There's lots of ways to "get in shape". Many modalities to choose from, ranging from dumbbells, weight machines, treadmills, swimming, walking, Pilates, Yoga and the list goes on...
All useful tools and ways to become familiar with them, using trainers, classes, books/magazines, TV shows, experts and "wanna-be experts" to point you in one direction or another.
All that to start your conditioning program, with all the physical aspects of exercise. But of course that's not all there is to it. You can learn the exercises, figure out the FITT (frequency, intensity, time and type) facts of each physical component in your fitness program. You can plan your life to organize your daily activities, get all the right equipment, exercise shoes/clothes and you can get started with all the motivation in the world! And you will get results if you just do the program.
But there is a part of this whole adventure you may miss if you're not careful. A part that Joseph Pilates considered central to his method of "reforming" your body - and your life. And that indispensable piece of your life-experience is Mind. In our modern American culture we are taught to honor and experience the body - as we want it to be, not as it is - we worship youth and avoid pain or any sort of discomfort (even if it's telling us something we really need to know). We chase pleasure and attach to feelings that are not in our best health interests. And our lives and minds are so busy that we often have no idea where we are, where we are going or what is important.
The answer to all this can be complicated and it takes practice. There is likely more than one place it can be found and what works for me isn't necessarily what will work for you. But when we run across something that works for us we should grab onto it like a life-preserver in rough seas. One of those things that works is Pilates. Through breath and concentration we are introduced to mindful exercise. We become aware of what movement and effort feel like, instead of always attempting to drown out those feelings, to self-distract and avoid the experience because it's not what we normally think of as pleasant.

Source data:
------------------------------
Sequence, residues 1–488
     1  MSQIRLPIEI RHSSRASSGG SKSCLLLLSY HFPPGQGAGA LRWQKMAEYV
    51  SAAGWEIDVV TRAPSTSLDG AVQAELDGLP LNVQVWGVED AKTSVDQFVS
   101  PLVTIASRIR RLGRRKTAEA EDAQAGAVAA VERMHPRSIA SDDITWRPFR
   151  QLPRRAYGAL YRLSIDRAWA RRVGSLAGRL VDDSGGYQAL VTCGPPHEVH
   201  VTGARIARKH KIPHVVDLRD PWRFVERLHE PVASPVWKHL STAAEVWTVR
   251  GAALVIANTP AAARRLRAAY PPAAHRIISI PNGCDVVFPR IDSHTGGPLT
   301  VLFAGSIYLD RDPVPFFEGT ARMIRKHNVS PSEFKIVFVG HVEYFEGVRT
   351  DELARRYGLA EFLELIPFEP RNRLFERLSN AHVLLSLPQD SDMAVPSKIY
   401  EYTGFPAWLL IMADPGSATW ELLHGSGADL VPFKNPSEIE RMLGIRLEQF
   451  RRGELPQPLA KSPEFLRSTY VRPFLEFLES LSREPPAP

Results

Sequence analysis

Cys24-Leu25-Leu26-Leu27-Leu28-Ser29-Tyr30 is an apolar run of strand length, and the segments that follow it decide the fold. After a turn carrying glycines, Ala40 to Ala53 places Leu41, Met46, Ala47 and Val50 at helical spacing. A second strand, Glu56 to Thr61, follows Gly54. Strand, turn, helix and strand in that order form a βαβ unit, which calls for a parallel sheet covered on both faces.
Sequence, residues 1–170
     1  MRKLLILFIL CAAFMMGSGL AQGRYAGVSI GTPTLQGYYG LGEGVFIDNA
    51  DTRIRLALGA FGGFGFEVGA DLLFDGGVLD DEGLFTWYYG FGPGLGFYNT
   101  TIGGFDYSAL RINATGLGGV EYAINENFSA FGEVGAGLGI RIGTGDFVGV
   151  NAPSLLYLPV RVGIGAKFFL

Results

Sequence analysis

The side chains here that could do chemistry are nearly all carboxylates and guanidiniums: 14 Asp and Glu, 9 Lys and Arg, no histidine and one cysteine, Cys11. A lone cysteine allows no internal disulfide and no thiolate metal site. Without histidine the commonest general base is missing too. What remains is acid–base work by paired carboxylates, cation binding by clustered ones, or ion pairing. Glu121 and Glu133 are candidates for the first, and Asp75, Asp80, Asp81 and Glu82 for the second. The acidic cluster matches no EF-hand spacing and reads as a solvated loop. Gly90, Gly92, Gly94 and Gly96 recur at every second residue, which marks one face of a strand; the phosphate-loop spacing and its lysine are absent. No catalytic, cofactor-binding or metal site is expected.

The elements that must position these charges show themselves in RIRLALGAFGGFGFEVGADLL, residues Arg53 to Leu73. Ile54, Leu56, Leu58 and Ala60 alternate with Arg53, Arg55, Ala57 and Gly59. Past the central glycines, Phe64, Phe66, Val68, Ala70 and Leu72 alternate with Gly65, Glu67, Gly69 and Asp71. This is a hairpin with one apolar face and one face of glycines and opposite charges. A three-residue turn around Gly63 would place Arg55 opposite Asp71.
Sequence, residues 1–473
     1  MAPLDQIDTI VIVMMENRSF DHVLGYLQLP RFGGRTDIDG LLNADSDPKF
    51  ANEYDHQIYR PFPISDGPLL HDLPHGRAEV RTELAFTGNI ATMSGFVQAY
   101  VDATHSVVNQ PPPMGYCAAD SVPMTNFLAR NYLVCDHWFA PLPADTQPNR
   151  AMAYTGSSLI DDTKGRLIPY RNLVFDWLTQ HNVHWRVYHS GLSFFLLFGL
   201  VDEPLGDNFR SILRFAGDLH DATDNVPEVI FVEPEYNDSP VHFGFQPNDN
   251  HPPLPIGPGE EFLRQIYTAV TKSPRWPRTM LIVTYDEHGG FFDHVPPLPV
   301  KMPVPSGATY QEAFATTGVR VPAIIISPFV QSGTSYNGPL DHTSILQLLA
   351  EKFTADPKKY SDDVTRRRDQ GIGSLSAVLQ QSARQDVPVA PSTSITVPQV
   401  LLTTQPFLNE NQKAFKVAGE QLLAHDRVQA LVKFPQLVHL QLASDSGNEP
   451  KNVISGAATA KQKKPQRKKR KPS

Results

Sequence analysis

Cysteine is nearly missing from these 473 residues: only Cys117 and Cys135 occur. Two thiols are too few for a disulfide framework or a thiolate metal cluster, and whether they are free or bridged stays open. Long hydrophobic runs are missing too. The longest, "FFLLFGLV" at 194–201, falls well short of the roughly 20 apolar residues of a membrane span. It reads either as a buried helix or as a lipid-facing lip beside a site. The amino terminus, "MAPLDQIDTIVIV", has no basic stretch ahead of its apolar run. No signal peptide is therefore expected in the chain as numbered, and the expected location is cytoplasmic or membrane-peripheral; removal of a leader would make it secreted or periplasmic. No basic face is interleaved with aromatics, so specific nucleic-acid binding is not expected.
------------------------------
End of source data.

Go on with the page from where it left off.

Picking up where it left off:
I've wondered about people I've met who truly dislike exercise, who hate the exertion, the sweat, the atmosphere of gyms and health clubs. I wonder if the answer might be to stop avoiding the feelings and instead embrace them. Not because I say you should, but because it might be a way to learn how to enjoy exercise (or at least make it possible).
Using meditation as a model here, when "unpleasant" feelings arise, notice them, acknowledge them, let them go and return to your breath. The same goes for thoughts in general. Mindful exercise means observing the body's sensations, concentrating on the working muscles, mentally going into the muscles and joints and studying the motion, the energy, the miracle of movement. No need to analyze the feelings and no need to think of what you like or don't like. No need to compare yourself to others, no need to get on the monkey-mind express! Practice watching the exercise from the inside out, no judgments, just observations.
I think you'll be pleasantly surprised with the result. Hard work can be calm and relaxed. Focused concentration leads to better conditioning, better performance, more successful goals and if you don't avoid the feelings it will feel better!